Kelsey in Cairo

Kelsey is majoring in English, with a minor in political science, in SMU’s Dedman College of Humanities and Sciences. In Spring 2009, she is participating in SMU-in-Cairo in Egypt, where she will be taking courses in political science and Arabic. She hopes the experience will prepare her for a career in international relations or journalism, and she plans to volunteer with a nonprofit while in Egypt.

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Sunrise on Mount Sinai

n6417911_37546304_7515586.jpgOnce again, I neglected to bring my passport – or even a copy of my passport – on my trip to Mount Sinai. This proved to be a bit of an issue as there are multiple checkpoints where police officers come onto the bus and check everyone’s IDs.

It’s vitally important to always carry at least a copy of your passport in Egypt, as all the hotels will want to look at it upon check-in, and you never know when or where there will be a checkpoint.

It’s tradition to climb Mount Sinai, famous as the place where Moses received the Ten Commandments, in the middle of the night to make it to the top in time to watch the sun rise.

Despite having to wake up at 1 a.m., my merry band of travelers and I decided it would be best to try to sleep for a few hours after the long and tiring bus ride to the Sinai peninsula. Thus we ended up at Fox Camp, another fabulous institution run by Bedouins, where the rooms are cheap and the food and tea are delicious.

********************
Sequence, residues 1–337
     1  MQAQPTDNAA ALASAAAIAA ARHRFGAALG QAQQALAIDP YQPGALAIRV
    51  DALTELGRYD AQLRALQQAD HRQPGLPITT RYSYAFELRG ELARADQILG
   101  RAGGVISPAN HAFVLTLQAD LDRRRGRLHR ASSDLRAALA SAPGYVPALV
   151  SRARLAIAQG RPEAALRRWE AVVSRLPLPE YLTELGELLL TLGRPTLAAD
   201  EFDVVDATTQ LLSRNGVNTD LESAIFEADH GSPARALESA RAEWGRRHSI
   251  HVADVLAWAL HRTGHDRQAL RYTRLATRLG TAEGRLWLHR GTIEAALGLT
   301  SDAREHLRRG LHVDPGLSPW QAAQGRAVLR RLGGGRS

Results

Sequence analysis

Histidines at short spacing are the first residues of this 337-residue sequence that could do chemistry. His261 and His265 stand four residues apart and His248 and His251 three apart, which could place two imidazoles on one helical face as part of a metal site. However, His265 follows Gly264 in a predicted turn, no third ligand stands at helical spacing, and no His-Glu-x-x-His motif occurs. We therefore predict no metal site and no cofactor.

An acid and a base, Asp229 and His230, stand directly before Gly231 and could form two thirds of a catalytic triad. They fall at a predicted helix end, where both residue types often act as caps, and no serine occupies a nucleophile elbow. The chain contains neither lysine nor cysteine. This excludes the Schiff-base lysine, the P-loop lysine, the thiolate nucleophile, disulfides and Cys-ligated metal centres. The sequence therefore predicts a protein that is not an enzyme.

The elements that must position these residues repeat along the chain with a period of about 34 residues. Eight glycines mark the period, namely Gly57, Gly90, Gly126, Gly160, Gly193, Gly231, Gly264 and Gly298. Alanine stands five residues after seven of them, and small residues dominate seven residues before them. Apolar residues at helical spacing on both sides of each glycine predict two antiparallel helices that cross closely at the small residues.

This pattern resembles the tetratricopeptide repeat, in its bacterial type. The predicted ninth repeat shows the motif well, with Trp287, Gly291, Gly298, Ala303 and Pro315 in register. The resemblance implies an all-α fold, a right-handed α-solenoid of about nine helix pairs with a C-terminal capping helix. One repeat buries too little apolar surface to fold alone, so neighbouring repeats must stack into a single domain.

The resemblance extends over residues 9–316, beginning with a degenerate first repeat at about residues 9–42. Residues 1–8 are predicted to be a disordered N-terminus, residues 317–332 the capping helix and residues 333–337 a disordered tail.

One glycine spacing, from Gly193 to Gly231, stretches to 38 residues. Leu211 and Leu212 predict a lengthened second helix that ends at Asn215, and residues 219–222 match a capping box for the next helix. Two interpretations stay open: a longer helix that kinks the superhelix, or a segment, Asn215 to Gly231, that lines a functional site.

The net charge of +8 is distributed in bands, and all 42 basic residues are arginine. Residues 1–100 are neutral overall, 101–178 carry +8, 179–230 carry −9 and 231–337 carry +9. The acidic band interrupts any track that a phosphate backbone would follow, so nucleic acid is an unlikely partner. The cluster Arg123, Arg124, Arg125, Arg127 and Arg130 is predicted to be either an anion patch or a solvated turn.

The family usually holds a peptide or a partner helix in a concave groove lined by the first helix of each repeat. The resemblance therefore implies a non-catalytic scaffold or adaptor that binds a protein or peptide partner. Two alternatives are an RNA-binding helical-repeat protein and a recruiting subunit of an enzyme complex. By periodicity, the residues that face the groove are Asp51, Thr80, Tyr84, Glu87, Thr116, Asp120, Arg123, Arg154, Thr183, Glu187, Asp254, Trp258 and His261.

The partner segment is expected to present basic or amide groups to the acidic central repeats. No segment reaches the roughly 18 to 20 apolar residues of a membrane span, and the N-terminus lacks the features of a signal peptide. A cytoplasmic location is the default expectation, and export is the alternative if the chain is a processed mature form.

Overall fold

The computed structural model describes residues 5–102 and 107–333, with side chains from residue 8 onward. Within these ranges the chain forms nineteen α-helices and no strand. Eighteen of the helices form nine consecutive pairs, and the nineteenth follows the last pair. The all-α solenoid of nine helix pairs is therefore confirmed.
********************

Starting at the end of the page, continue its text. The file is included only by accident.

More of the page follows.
It took me a while to fall asleep as a certain one of my companions was speaking Arabic in his sleep, and it was especially difficult to leave the comfort of the camp when our guide came to wake us as it was freezing outside.

Once again, I ended up being ill prepared for this trip. As the moon was covered by clouds and no one had thought to bring a flashlight, the trek from the camp to the mountain was done in complete darkness.

Freezing, stumbling over rocks, and suffering from the strain of the high altitude, all the way to the mountain I thought I was going to wimp out and have to take a camel up the mountain. But a short break in the warmth of a hut, the sight of the lights of hundreds of pilgrims, and the well-worn trail on the mountain re-energized me enough to climb the mountain sans camel.

With just 750 more steps to the top, we had about 40 more minutes until sunrise and took shelter from the unbearable cold in a hut where we finally gave in and rented a blanket for about 20 pounds.

n6417911_37546279_4625474.jpgDespite the cold, the entire top of the mountain was covered with visitors. The sunrise, illuminating the stunning mountain scene below us, was well worth the hike and even the cold. Still, I’d recommend taking a coat, a hat, and a good pair of gloves!

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